Upper Endoscopy (EGD)
An EGD allows your doctor to visualize the lining of your esophagus, stomach
and a portion of the small intestine known as the duodenum. It may be
performed for patients with upper abdominal pain, nausea, vomiting, reflux,
or difficulty swallowing. It is also the best test to determine the cause
of bleeding from the upper GI Tract.
For your EGD, the stomach must be completely empty prior to the procedure.
You can eat normally the day prior to the procedure but must have nothing
to eat or drink at least 6 hours prior to your arrival for your test,
unless otherwise instructed.
You will most likely be sedated during the procedure so you must make arrangements
to have someone drive you home. Sedation can affect your judgment and
reflexes for the entire day. You will not be able to drive, drink alcohol,
or operate machinery until the next day.
Before the procedure you will have an intravenous (IV) inserted to provide
adequate hydration before and during your procedure. Your nurse will obtain
a full medical history from you including medical conditions, allergies,
medications you take, and family history. In the procedure room you will
be positioned on a stretcher on your left side. Your heart rhythm and
vital signs will be monitored. You will also receive oxygen through a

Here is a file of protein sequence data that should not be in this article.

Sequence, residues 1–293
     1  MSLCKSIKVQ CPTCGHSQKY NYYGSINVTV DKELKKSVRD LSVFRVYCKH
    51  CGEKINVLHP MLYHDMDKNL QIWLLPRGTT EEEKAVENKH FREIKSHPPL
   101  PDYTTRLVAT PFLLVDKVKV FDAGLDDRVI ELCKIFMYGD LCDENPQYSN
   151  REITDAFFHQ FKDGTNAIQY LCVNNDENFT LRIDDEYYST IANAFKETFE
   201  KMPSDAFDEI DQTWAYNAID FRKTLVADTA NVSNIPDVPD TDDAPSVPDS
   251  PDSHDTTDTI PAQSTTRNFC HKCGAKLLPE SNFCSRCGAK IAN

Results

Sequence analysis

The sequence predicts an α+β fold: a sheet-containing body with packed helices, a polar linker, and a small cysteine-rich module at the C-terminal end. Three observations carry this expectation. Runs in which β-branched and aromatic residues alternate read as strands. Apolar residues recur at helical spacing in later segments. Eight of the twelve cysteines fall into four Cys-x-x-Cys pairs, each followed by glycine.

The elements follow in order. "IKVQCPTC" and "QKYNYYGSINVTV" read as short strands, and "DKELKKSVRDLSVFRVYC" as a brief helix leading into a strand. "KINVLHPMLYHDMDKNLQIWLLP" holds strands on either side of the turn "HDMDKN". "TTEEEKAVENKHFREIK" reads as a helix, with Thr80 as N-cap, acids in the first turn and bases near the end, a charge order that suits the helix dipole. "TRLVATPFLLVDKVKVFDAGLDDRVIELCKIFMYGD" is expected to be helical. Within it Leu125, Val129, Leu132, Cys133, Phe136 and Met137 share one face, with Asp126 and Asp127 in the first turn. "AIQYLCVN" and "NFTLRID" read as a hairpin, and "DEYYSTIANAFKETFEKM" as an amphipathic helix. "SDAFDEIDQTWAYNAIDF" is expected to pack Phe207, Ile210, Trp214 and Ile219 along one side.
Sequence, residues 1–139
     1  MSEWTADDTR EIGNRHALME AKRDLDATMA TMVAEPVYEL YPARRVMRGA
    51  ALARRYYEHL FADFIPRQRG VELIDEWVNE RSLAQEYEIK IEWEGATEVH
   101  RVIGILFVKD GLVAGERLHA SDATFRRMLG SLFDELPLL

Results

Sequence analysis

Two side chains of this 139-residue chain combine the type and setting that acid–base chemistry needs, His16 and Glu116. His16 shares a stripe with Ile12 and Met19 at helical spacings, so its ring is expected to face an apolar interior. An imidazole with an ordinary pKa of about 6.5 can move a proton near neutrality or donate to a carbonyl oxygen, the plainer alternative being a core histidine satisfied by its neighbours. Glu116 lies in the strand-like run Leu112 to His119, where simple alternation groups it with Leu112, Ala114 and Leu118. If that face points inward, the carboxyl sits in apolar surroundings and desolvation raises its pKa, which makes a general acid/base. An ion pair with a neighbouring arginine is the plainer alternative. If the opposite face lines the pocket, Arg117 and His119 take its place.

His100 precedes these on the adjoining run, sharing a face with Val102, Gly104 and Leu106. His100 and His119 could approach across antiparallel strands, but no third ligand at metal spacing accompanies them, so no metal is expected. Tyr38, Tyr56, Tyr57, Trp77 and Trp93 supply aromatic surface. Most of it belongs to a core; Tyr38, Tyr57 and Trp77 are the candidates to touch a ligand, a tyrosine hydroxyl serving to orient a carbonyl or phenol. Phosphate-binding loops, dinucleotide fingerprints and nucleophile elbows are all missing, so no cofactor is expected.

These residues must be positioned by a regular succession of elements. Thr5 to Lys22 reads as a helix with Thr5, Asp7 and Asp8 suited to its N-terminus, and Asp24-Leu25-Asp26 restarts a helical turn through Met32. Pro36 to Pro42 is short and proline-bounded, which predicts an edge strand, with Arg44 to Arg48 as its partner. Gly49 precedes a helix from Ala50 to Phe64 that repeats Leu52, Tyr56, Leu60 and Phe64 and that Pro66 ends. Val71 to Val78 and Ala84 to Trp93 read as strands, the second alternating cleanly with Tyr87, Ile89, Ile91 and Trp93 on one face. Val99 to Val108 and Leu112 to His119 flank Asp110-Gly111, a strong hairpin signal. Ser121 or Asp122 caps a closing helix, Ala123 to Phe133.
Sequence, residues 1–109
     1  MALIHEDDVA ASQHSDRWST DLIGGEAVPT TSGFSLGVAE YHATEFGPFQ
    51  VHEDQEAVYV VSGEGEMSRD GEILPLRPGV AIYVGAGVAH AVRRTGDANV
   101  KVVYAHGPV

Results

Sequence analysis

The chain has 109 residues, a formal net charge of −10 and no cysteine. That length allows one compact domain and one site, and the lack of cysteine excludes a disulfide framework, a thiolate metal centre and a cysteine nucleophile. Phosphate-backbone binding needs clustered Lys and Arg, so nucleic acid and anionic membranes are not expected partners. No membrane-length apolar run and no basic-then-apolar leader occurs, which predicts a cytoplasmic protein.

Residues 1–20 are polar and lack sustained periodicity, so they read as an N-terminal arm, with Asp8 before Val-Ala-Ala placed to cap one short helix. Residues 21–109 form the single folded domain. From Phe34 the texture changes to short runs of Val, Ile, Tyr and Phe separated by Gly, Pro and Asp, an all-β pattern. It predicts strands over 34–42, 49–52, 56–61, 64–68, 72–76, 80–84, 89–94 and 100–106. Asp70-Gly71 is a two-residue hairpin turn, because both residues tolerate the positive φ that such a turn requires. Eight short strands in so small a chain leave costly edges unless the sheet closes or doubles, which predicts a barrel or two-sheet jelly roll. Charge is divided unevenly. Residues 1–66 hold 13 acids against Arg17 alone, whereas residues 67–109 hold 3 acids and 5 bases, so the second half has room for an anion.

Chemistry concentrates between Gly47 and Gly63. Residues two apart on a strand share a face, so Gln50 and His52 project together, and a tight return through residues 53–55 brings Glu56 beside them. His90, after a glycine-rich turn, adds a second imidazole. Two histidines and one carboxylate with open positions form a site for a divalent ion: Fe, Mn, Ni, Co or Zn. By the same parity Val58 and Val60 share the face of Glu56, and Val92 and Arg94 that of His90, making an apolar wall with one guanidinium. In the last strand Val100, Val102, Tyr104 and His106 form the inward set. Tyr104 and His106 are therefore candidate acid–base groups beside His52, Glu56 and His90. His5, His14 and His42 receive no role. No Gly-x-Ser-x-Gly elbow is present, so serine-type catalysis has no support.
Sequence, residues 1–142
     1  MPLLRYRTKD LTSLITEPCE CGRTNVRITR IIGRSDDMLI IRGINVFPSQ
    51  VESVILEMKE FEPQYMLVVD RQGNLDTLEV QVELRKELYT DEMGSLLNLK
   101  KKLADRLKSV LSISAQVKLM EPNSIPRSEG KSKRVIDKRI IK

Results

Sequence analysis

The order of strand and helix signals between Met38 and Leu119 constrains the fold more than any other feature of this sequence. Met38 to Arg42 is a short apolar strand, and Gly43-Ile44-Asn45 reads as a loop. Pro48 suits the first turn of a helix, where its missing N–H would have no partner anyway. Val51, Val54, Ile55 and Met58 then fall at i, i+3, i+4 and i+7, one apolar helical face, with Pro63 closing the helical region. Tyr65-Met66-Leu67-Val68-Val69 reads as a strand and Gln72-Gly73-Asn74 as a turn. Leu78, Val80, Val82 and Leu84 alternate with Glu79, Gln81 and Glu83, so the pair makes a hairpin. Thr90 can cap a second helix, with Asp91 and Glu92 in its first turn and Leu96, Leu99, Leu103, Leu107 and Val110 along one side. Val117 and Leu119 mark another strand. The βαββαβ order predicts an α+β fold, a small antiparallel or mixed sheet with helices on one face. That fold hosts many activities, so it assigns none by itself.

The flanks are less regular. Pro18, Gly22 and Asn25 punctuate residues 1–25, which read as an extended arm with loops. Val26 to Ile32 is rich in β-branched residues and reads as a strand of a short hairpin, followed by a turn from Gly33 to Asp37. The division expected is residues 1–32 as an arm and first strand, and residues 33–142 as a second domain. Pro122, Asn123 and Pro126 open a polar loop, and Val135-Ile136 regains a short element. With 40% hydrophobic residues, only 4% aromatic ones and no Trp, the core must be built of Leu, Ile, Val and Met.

small tube under your nose. A small bite block is inserted between your
teeth to protect them during the procedure. Once you are positioned and
monitored, sedation will be administered through your IV by an anesthesiologist.
You will drift off to sleep while your EGD is being performed. Typically
it takes less than ten minutes to complete the procedure.
During the procedure, the physician may wish to take a biopsy, a small
sample of tissue. There is no pain when a biopsy has been taken, nor afterward,
and a biopsy does not necessarily indicate a problem. Any tissue removed
during the procedure will go to the laboratory for analysis and you physician
will discuss w/ you after the report has been received.
Once the procedure is complete you will awaken quickly and remain in the
Post Anesthesia Care Suite until you are ready to go home, usually with
1-1 ½ hrs. You may feel slightly bloated, but this will quickly
improve by remaining on your left side and belching. Your physician will
explain the results to you after your procedure or at your follow up visit.